The Lamp for Haiti is first and foremost a community organization. Everything that we do is focused on one thing: improving lives in the community that surrounds our health center in Bwa Nèf, Cité Soleil. Cité Soleil is a notorious slum; the needs of the community are many. One might wonder then, Are electronic medical records the best way to spend our energy and our limited resources? EMR systems need computers, appropriate software, uninterrupted electricity, trained personnel, maintenance. Very few clinics in Haiti have EMR systems, Should the Lamp be pushing the envelope in this way?
This article is written to say a resounding “Yes!” to those questions! It has, in fact, been a substantial challenge but the end result is something that has justified all of our efforts. Our current EMR system provides our doctors with unparalleled recording of, and access to, a patient’s medical history. It provides unparalleled efficiency and unparalleled ability to analyze our medical activities. All of these “unparalleled” things mean that we are providing substantially better medical care for our patients, and that was always the main goal. The system also allows much better accountability and reporting so that our administrative tasks are also reduced.
It was not, however, an easy fight. Our initial (two) attempts to use US-based commercial systems were not sustainable. Those systems are extremely complex, demand very substantial resources (even if the software is provided for free!), and include many features that are irrelevant to the needs of a primary health care center.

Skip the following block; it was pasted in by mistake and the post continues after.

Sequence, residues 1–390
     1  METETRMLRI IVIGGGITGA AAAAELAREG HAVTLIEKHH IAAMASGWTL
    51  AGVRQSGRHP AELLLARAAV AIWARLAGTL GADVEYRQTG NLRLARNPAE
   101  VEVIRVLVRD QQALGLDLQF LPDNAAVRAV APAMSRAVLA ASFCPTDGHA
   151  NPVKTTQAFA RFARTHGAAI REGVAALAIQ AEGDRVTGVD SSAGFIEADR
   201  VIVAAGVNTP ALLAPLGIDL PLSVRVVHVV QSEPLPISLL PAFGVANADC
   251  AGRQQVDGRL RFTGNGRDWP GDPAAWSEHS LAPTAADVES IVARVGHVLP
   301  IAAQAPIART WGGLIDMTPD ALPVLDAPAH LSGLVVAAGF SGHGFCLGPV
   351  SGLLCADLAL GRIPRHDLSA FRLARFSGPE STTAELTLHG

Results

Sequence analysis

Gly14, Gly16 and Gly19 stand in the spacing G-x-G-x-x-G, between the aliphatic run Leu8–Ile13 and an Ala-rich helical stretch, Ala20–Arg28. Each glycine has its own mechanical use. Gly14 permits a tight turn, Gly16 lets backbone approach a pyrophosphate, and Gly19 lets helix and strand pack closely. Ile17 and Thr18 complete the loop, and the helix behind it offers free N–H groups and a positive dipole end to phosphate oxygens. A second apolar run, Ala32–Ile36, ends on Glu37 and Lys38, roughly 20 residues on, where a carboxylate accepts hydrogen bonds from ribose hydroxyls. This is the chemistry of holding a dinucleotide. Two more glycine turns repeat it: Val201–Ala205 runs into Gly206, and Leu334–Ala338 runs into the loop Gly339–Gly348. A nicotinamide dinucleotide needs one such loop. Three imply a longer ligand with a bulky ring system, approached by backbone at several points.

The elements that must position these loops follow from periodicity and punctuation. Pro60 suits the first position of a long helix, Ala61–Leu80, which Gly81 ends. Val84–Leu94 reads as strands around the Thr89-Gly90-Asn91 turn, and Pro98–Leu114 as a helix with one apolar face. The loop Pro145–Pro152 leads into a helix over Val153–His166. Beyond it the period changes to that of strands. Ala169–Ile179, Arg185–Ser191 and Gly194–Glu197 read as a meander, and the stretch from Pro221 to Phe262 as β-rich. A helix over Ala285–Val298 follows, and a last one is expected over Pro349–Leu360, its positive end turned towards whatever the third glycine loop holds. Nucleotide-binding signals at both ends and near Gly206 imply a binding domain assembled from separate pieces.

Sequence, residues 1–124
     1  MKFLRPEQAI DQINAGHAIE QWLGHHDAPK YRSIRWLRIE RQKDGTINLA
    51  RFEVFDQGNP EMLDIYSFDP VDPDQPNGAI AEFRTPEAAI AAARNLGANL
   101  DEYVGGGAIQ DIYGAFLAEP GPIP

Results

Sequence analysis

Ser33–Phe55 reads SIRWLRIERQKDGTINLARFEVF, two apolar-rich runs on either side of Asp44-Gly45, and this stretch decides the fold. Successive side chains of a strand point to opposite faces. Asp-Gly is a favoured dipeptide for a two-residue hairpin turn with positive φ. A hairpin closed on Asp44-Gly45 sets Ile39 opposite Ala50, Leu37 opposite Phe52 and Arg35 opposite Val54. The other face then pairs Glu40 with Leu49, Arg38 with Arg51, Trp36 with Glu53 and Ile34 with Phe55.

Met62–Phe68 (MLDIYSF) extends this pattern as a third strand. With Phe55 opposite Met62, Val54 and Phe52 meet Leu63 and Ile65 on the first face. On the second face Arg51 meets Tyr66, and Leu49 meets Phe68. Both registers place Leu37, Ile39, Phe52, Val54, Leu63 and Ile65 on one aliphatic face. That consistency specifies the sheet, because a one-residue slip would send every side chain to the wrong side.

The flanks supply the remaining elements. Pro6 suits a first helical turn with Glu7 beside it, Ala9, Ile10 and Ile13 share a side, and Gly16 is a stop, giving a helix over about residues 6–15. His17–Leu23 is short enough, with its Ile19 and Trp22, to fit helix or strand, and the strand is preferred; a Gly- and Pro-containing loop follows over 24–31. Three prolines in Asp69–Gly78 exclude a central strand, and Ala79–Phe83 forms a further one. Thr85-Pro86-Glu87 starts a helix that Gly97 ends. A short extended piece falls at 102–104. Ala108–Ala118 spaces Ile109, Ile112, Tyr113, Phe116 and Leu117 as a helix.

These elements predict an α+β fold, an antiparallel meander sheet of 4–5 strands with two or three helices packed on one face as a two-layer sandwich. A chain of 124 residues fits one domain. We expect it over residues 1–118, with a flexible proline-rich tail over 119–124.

Our answer, after those two attempts, was to “buy local” — always a good idea in the realm of international work! We opted to customize an open-source EMR, called OpenMRS, that had been developed initially in Haiti by the aggressively progressive Partners in Health, and then rebuilt at MIT. Nick Sahagian, a remarkable young medical student, took this shell and customized it for our clinic. We began to use it immediately. That was in 2013. Now the final piece of the puzzle has fallen into place. We have found, and hired on contract, an excellent Haitian IT programmer, Rony Charles. Amazingly enough, Rony has extensive experience with OpenMRS itself. He is, as we speak, adding new modules to the system and making it even more robust. With Rony available for maintenance and upgrades, we can be confident that our system will always be up-to-date and fully functional. Our EMR system is here to stay.
Like many other things at the Lamp, the move to integrate an electronic medical records system was a risk. Perseverance was our main weapon and this case perseverance won the day.
The real winners? The people of Cité Soleil.
The next innovation? A fully solar-powered clinic.
Will it pay off? We will have to wait and see…